CEO Journal

The First-Time Parent’s Guide to Saving Money

Pregnant family looking through a family photo album

First off, congratulations! Whether you’re still expecting or you’ve already met your first child, you are sure to be excited for the adventure ahead. It’s a beautiful thing to care and love unconditionally for someone you helped create.

But, beyond the joy of parenthood lies the responsibility of providing your child with the best that you possibly can. But the unsavory truth is that raising a child is going to cost a lot of money. While it’s easy to use the excuse that you’re simply giving the best for your child, the truth is that splurging on your child early in their life can be wasteful when they’re not going to remember the designer clothing and expensive toys you got them as an infant.

So, how do you mitigate the financial impact of raising a baby? You need to look at the most essential aspects first:

Breastfeeding

Baby formula can costs up to $1,400 during the baby’s first year. Then there’s also the fact that you’re going to have to try different brands to see which suits your baby.

You can completely eliminate this problem by breastfeeding. It’s the best solution for your baby’s nutritional needs and it’s also free.

If you need to store milk, borrow a breast pump (these are expensive and can cost $150 to $800). The plastic attachments are the only parts that can’t be shared and you can purchase a replacement set for about $45.

As for baby bottles, buy one or two to start with to see which brand your baby likes. Don’t rush to buy a dozen of a certain brand just because people rave about them.

Clothes

Avoid buying baby clothes in advance because babies are known to have unexpected growth spurts. And while name brands are good, you can save about 70% of their price when you buy overruns. You aren’t going to notice these defects anyway.

As for staples like undershirts and socks, consider buying them in all-white so you can simply bleach stains off instead of having them spot cleaned with laundry spray.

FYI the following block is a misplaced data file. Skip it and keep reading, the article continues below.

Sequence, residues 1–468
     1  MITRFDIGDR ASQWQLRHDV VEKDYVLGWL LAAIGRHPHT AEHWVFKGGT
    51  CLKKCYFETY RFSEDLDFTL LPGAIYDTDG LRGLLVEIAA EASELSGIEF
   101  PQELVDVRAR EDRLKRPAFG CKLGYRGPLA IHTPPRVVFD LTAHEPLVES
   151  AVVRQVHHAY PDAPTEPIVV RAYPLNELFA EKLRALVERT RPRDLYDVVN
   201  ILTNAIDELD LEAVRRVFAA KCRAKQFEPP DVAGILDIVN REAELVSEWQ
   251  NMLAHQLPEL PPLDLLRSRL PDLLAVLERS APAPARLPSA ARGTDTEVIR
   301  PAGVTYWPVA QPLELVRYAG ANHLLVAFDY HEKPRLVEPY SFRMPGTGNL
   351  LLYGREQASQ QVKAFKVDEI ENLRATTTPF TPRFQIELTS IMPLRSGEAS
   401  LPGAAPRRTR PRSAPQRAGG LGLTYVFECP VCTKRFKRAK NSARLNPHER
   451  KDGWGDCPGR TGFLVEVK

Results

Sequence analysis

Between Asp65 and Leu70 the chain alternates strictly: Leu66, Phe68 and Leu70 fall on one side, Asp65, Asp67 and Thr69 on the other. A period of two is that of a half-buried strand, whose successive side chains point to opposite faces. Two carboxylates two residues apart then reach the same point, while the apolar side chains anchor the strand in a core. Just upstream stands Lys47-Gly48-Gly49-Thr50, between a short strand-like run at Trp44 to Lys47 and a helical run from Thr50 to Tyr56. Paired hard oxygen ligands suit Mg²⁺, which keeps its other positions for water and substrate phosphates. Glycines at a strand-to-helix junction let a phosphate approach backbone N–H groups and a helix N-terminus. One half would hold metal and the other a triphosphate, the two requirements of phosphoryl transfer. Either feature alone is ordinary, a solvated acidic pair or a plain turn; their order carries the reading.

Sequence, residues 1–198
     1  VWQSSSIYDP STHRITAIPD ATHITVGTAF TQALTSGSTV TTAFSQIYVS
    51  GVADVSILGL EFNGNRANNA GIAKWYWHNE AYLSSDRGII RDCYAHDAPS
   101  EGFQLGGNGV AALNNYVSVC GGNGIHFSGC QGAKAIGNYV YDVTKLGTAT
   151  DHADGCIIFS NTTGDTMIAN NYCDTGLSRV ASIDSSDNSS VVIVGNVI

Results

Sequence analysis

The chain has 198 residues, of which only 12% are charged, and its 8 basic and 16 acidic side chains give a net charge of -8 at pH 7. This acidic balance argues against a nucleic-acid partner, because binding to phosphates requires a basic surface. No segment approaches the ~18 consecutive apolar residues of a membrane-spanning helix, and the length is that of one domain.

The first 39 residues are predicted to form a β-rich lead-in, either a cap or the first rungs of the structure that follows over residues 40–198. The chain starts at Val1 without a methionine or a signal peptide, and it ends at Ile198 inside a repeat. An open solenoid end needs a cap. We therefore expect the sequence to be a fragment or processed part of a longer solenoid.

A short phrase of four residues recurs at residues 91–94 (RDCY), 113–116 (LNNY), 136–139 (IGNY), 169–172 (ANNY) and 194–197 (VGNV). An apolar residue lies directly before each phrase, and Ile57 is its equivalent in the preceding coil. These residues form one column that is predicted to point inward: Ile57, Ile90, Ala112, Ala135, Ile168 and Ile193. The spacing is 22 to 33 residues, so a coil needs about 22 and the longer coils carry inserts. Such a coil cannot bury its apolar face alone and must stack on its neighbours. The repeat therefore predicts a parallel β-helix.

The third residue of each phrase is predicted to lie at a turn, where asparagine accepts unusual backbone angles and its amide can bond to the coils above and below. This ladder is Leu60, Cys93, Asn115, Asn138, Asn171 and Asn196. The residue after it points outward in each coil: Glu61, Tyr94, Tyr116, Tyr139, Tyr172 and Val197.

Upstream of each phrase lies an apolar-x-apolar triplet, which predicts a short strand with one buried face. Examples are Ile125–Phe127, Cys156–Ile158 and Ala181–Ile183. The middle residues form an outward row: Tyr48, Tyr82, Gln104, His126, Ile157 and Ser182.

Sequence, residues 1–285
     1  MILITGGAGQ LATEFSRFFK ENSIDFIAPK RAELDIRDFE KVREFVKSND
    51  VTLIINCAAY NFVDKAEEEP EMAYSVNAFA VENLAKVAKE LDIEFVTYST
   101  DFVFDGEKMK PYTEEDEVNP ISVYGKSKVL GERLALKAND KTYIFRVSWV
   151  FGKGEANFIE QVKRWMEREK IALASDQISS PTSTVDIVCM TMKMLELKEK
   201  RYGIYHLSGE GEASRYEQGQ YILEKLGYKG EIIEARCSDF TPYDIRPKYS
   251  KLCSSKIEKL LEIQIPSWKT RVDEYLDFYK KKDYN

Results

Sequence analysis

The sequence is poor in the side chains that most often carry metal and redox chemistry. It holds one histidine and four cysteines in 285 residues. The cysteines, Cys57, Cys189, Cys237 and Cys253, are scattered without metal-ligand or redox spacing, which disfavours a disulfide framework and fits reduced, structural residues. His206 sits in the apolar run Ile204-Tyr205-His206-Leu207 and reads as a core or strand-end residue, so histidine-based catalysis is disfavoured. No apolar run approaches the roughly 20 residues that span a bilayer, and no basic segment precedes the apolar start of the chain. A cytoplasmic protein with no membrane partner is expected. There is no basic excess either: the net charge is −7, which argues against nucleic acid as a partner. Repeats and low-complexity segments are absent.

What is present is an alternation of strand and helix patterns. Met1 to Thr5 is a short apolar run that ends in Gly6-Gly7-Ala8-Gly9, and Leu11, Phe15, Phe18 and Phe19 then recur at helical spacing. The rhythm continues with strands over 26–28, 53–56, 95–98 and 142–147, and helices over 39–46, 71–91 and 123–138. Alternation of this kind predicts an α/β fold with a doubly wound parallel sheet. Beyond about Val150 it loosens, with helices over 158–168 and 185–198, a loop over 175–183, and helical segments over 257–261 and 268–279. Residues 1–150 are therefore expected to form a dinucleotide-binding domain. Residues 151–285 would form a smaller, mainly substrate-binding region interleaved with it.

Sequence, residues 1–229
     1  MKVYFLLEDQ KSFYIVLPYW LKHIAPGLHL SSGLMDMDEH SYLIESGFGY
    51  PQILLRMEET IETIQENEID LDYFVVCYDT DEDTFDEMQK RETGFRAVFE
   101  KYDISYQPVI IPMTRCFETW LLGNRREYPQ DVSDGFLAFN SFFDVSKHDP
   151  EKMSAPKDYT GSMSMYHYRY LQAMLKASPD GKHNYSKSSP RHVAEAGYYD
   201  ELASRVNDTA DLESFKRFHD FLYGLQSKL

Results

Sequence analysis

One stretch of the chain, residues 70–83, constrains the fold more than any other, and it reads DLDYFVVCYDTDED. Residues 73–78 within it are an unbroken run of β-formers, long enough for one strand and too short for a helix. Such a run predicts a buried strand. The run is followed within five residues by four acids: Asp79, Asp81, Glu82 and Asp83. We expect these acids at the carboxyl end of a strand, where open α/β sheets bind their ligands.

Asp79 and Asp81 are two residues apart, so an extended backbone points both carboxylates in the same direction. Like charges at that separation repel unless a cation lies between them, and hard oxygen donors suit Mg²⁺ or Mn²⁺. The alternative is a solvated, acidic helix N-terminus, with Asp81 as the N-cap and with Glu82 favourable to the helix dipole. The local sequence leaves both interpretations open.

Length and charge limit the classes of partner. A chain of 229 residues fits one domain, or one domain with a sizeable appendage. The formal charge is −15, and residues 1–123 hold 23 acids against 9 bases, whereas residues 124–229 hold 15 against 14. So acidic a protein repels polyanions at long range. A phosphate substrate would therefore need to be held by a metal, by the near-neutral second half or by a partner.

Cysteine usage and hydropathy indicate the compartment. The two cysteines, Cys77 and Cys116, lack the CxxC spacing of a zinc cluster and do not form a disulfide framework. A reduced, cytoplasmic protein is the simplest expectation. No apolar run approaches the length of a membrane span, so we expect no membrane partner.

If you’re planning to have more than one baby, buy unisex clothes. This ensures that you’d still be able to use the clothes later on regardless of your next baby’s sex.

Food

Like baby formula, baby food can become quite expensive if you stick with processed baby food over natural alternatives. There are many baby food recipes that are just as healthy and extremely easy to make. (I mean, mashing a few bananas shouldn’t be too much for someone who stays up all night just to make sure the baby’s fine.)

Baby Furniture

Baby furniture like cribs and chairs aren’t cheap. Instead of getting one of each, save some money by buying “convertibles”. Furniture that can be converted into something else. Like, say, a baby crib that can be converted into a toddler’s bed later on, or a booster seat that can be converted into a chair later on.

The best part about raising a child is in being able to instill values in them. They learn from you. And when you live a frugal life, your kids are bound to get that too. One of the country’s biggest problems is that there are few people who are financially literate. We have a chance to change that, especially with these finance skills to teach kids.

So, financial literacy and frugal living aren’t just for your benefit, but also for the nation’s. The less people we have who are poor, the better we are off as a country.


Have you read?

# China Rich List For 2018: Richest Chinese Billionaires.
# Taiwan Rich List For 2018: Richest Taiwanese Billionaires.
# Russia’s Rich List 2019: Wealthiest People In Russia.
# New York Rich List For 2018: The Billionaires Of New York.

Leave a Reply




Emma London
Emma London is a columnist and member of the ​CEOWORLD magazine editorial board. She's one of the magazine's founding editors and leads global newsroom coverage and management. Having lived in five different countries — the United States, Canada, Australia, Spain, and the United Kingdom - Emma is obsessed with how tech empowers people from all walks of life. She is fluent in Spanish.
Share via
Copy link